Don't look for me much on the big news sites, I skim through them, but rarely find much that is worth commenting on. As a young son once said "We don't watch TV news, dad won't let us watch violence programs." I still don't.
Interests are religion, marketing theory (that is not an oxymoron,) Advertizing, digital photography, APOD, and historically, rocket science.
The literary version is found at Thinking On the Blue Roads
The raw data for which can be found on The Blue Roads of Thinking.
In a recent book The Believing Brain, Times Books, 2011 Michael Shermer makes a strong case that the human brain is necessarily a belief engine. His case is that pattern seeking and assigning agency to the patterns is a survival trait built in to the brain and that we believe first and think about it later, if ever. In my experience this is as true of atheists and skeptics (including Shermer) as it is for religious believers. As many will testify dragging a belief, say about UFOs, out and trying to ask whether the belief is justified or not is extremely difficult for most people. Whether you are for 'em or ag'in 'em you just cannot decide that you just don't know. My experience is that most people can't be unsure on any belief based subject. Which is to say, if Shermer is right, on all subjects. It as if "I just don't know" doesn't have a home in the human brain.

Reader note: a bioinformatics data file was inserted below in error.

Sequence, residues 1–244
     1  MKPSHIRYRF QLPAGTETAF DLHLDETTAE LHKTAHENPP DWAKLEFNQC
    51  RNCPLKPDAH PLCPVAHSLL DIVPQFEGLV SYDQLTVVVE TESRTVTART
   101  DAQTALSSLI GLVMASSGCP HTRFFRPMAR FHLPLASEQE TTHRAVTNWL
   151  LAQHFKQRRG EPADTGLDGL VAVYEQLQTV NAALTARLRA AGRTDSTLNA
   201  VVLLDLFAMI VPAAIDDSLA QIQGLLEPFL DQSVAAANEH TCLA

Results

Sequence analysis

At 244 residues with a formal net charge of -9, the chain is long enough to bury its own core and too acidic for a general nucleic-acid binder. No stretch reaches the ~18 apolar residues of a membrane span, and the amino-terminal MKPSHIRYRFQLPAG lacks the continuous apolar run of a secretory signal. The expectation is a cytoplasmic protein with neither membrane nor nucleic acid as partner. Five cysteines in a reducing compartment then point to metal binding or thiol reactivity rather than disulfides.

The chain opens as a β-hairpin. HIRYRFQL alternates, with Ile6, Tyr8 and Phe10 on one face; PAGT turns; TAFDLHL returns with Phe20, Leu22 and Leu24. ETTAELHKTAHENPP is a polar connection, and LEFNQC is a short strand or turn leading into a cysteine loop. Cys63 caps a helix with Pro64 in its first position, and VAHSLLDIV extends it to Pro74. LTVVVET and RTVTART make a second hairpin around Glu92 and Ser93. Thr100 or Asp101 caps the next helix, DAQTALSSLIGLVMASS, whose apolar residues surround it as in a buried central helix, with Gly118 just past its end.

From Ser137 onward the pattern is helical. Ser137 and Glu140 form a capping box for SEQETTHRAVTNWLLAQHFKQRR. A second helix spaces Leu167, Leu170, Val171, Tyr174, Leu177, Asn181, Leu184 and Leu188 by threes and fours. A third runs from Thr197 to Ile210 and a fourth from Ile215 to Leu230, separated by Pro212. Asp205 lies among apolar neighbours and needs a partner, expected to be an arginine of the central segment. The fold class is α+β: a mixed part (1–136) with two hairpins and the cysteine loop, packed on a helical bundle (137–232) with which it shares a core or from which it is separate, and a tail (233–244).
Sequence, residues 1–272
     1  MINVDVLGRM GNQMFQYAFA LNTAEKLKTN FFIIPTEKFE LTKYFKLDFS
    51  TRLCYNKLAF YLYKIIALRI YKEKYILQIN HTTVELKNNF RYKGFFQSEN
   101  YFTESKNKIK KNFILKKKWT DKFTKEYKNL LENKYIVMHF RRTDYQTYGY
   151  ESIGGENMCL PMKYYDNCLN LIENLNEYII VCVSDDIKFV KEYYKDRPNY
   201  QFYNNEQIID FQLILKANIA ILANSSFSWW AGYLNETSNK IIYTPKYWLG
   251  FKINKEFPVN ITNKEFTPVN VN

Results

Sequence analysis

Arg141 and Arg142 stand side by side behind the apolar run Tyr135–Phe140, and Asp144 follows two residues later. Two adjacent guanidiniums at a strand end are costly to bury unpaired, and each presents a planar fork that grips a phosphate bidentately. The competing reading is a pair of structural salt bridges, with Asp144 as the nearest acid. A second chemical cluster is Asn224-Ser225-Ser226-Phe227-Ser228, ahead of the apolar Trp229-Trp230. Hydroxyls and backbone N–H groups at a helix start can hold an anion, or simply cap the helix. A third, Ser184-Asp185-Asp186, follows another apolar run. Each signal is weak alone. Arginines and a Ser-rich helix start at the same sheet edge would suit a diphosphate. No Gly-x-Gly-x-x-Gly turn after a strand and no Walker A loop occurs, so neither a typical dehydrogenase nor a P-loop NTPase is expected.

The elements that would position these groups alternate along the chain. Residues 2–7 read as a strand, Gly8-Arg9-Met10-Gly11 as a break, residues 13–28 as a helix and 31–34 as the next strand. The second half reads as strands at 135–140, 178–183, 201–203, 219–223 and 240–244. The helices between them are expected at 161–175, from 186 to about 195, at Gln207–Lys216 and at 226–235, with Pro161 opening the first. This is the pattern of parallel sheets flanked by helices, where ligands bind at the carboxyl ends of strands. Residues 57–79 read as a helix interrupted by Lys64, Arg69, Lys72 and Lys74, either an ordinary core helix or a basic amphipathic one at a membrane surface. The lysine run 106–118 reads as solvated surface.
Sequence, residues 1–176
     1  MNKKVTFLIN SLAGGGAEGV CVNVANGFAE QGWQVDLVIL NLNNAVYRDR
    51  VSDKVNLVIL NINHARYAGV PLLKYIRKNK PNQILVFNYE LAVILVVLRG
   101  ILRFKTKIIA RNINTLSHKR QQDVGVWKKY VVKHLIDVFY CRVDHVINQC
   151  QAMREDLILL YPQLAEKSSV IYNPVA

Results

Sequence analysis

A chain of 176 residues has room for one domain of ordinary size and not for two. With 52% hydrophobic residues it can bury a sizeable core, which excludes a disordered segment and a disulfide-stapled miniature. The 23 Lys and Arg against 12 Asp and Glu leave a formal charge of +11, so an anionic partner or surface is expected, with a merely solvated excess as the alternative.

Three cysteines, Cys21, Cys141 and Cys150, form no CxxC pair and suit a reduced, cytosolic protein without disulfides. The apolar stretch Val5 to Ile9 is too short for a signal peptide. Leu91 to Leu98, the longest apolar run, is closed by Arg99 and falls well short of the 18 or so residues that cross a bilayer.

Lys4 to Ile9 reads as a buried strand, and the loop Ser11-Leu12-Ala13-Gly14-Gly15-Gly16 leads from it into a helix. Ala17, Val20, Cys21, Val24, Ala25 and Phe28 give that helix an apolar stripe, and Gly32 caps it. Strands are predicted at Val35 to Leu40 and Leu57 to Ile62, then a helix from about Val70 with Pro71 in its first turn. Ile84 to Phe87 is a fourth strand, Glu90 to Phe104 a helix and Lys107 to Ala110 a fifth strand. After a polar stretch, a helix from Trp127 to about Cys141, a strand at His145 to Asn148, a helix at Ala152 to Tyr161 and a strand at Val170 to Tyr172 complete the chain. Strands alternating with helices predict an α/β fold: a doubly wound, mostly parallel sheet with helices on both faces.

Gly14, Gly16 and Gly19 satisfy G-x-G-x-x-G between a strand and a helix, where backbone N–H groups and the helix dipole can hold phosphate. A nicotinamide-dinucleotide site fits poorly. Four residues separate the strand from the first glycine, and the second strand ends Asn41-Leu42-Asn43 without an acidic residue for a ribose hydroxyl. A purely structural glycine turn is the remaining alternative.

Even Shermer falls prey to this syndrome. He spends many pages debunking UFO's, ESP, God beliefs, political beliefs, etc. It seems his confirmation bias won't admit data that casts doubt on his skeptical belief system. Not at all unusual, and in effect his bias is proof of his thesis. I would not argue that any of these belief systems are true, but in many cases e.g. God and ESP, there is enough data to indicate "I don't know" is a reasonable position to take. "That's right!" has many homes in the brain for decisions affecting beliefs. The dorsolateral prefrontal cortex which is the center for rational evaluation of data is effectively shut down when first evaluating new data. The orbital frontal cortex the emotional center in the brain and the anterior cingulate cortex which is the conflict resolution center are both active. These centers essentially decide whether or not this data conflicts with my belief system. Once a emotionally satisfying resolution of the conflict, that is to throw out the conflicting data, the reward mechanisms in the ventral striatum kick in. See P 260. for the experimental data. This makes a lot of sense, in the modern world "I don't know" gets in the way of many necessary decisions. Which stock to buy, which way to bet on a business decision, etc, as they say, it is better to go with the gut, i.e. the belief systems in the brain, and just do it. The escape hatch for this belief reinforcement is the scientific method, which is the way we can after the fact check on our belief systems. But as Shermer points out even scientists have beliefs which shape their protocols, and may in fact be testing only things that reinforce their beliefs. Shermer ends with the belief that "The truth is out there, and although it may be difficult to find, science is the best tool we have for uncovering it." One of the reasons I enjoyed the book is that he makes a hard scientific case, which is materialistic and rational, for woo-woo. Maybe I am belief disabled, or I had the wrong upbringing and went to the wrong school, but I have never been able to understand how extremely intelligent and rational people can believe weird things. I think I understand it better now, but I am still an outsider looking in. Whether you are a believer, skeptic, or that rare breed I call "acred" who agree with Lazarus Long in Time Enough for Love (Robert A. Heinlein, 1973) that "belief gets in the way of learning," you will find this book extremely helpful in dealing with believers of any persuasion. It seems the "La, la, la, I can't hear you" is a built in function of most human brains. According to Shermer it is an evolved necessary brain function for dealing with decisions under uncertainty. As my world class athlete father would frequently state: "Don't think, you weaken the ball club." A fascinating and apparently nearly ubiquitous attitude. Shermer's insight provides a useful tool for understanding all those morons that don't agree with you.